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RE: XGMII Clocks

HI Howard and Curt

I would agree with Curt on the SSTL2 vs HSTL levels.  Several month
ago I also wrote about the same topics.  

About 3 years when I and Dave Gample started the FC HSPI group 
bases for 2.5 Gig SerDes with SSTL2. Even then I was debating between
HSTL and STTL2.  At the time HSTL would require another power supply 
and most SerDes where Bipolar and ASIC were base on 0.35 um CMOS.  
Three years ago we probably made the right decision and  we have the legacy
today.  But, I am not sure choosing SSTL2 would be right decision today.  

As long as the XGMII interface is internal to your ASIC, then it does not
matter what logic family we define. Otherwise, I would strongly recommend moving 
forward with time and specifying HSTL instead of SSTL2.  I would also help write 
the interface.



> From: Curt Berg <cberg@xxxxxxxxxxxxxxxxxxx>
> To: "'Howard Frazier'" <hfrazier@xxxxxxxxx>, stds-802-3-hssg@xxxxxxxx
> Subject: RE: XGMII Clocks
> Date: Wed, 6 Sep 2000 10:16:00 -0700 
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> Hi Howard,
> One of the big problem with XGMII is the large voltage swing 
> of SSTL. It would be of great benefit to use a different interface
> standard that is more compatible with today's ASIC technology.
> (Moving forward most ASICs will use 1.2-1.8 V core, and
> having 2.5V I/O is painful.) If we reduced the swing, power consumption
> will drop, timing gets easier, and EMI should be cut significantly.
> We have done significant SPICE simulations of SSO, ISI, of DDR interfaces
> like XGMII, and lowering the swing definitely gets much better eye pattern.
> I would be willing to help writing a proposal for standard that use
> HSTL, with extended VDD, so you could also use 1.8 V LVTTL/HSTL. 
> Anyone else that would support this ?
> Having two clock make little impact on the timing budget, and you would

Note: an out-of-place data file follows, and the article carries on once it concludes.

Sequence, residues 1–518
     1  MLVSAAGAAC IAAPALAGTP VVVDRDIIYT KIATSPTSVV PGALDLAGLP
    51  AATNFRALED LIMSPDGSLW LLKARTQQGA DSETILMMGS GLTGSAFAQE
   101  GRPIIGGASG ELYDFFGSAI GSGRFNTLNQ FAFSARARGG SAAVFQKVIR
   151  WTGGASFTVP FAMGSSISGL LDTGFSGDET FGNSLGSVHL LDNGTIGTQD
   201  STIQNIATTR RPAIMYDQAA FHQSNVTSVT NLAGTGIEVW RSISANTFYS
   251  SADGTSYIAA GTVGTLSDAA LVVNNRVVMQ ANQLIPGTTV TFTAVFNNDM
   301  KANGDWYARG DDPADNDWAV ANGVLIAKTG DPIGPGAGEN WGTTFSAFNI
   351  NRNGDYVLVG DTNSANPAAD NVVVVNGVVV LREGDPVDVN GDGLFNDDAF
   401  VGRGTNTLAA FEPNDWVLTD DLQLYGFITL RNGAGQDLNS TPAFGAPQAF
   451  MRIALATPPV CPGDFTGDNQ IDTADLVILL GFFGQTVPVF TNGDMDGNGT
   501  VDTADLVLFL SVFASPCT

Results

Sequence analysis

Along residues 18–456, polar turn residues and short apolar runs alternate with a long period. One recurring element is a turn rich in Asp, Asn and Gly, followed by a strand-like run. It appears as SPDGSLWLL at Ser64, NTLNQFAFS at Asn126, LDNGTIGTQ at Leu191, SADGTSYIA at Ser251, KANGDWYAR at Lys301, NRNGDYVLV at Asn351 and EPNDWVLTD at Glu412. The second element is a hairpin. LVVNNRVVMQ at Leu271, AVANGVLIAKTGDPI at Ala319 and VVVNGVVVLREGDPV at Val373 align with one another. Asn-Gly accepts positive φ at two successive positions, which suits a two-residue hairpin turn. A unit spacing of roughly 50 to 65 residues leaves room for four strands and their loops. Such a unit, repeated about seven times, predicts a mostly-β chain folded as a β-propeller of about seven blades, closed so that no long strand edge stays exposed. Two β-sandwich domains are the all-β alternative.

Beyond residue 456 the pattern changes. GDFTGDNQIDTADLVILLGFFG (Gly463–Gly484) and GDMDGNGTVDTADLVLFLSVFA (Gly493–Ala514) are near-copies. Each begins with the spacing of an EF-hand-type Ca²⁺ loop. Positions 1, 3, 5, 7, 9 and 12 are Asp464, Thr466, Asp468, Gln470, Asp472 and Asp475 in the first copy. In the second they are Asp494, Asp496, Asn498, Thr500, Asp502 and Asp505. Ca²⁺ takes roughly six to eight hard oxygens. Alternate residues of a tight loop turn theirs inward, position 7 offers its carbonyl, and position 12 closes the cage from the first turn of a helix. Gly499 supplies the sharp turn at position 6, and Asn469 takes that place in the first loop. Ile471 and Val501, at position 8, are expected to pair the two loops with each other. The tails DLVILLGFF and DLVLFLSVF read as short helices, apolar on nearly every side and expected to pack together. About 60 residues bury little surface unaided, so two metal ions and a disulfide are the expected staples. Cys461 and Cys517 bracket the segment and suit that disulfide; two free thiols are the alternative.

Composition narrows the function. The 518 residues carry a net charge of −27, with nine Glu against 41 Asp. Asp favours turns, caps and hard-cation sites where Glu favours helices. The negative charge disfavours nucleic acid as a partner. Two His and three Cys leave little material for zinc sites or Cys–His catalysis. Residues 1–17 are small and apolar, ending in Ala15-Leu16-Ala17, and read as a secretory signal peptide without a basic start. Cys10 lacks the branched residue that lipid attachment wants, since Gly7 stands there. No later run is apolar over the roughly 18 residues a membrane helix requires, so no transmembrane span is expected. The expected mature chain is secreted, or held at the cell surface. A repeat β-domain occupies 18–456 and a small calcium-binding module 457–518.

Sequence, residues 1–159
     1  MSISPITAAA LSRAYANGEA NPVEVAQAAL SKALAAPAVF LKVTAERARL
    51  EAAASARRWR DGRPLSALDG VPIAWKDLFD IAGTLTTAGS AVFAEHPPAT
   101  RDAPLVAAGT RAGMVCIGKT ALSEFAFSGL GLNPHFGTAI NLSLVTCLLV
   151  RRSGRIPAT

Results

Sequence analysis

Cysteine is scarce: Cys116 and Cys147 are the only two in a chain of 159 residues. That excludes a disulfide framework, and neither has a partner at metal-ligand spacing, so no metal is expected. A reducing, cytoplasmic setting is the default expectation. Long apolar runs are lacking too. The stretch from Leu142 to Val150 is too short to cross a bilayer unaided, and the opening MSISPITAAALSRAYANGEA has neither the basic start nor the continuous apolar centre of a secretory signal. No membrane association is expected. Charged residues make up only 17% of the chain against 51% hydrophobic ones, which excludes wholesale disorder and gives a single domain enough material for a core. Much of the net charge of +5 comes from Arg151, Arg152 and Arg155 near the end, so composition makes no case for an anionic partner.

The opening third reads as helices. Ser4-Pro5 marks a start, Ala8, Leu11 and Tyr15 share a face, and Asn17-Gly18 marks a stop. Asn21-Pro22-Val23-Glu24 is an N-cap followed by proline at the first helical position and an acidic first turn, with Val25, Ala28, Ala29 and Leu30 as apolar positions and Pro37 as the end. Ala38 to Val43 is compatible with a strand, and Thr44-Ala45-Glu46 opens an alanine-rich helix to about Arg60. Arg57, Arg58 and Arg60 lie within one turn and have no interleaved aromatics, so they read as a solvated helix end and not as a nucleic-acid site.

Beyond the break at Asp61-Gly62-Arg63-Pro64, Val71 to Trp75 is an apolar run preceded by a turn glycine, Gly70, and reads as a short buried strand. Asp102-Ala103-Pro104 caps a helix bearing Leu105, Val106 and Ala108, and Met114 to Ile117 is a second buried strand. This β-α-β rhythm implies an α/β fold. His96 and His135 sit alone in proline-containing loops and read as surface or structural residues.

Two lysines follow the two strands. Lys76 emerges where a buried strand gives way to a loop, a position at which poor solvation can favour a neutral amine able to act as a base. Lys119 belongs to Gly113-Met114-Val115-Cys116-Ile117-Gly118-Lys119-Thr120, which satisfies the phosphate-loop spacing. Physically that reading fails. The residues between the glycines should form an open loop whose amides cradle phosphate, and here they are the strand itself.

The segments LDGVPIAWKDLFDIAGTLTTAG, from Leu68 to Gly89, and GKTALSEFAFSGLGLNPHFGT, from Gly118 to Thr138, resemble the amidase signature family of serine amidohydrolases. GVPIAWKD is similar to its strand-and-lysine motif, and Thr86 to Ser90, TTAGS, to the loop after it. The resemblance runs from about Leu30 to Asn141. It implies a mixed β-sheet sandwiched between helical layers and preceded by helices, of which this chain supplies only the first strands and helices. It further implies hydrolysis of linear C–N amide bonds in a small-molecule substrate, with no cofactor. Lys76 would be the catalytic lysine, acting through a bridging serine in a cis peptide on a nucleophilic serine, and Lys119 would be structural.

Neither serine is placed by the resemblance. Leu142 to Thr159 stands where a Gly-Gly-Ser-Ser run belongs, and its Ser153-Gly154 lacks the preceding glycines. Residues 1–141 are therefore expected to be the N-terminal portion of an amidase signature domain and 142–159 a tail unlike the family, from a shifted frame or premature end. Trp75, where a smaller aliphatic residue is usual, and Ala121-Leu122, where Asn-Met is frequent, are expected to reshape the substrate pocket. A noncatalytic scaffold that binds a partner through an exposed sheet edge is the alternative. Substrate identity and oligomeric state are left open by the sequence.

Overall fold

> have to match two clock paths instead of one. Asymmetry comes mainly
> from level shifting and that your internal threshold is different form
> Vref. Much better again would be to minimize level shifting be using
> a lower external swing. Hopefully it helps you both on the MAC and
> PHY side.
> -Curt-
> -----Original Message-----
> From: Howard Frazier [mailto:hfrazier@xxxxxxxxx]
> Sent: Wednesday, September 06, 2000 9:30 AM
> To: stds-802-3-hssg@xxxxxxxx
> Subject: XGMII Clocks
> In a previous email thread, we debated the merits of using
> a single clock in each direction on the XGMII, versus using
> 4 (frequency locked, but phase independent) clocks in each direction, 
> with a clock dedicated to each of the four "lanes".
> Without repeating the discussion, it is safe to summarize that
> the majority opinion (from among those who expressed an opinion)
> was to stay with one clock in each direction.
> So, I would like to toss out another question for your consideration.
> Should we use a two phase clock? Clock and ClockBar?
> Some designers have suggested that this will make the ASIC and
> system timing more managable, because it is difficult to get
> symetric drive strengths from the clock output buffers, and
> the asymetry degrades the timing.  With a two phase clock, you
> would still have asymetry on the data signals, but at least
> you won't have to account for the asymetry on the clock.
> At first blush, this seems like a modest addition. One more pin
> in each direction.
> Any opinions out there?
> Howard Frazier
> Cisco Systems, Inc.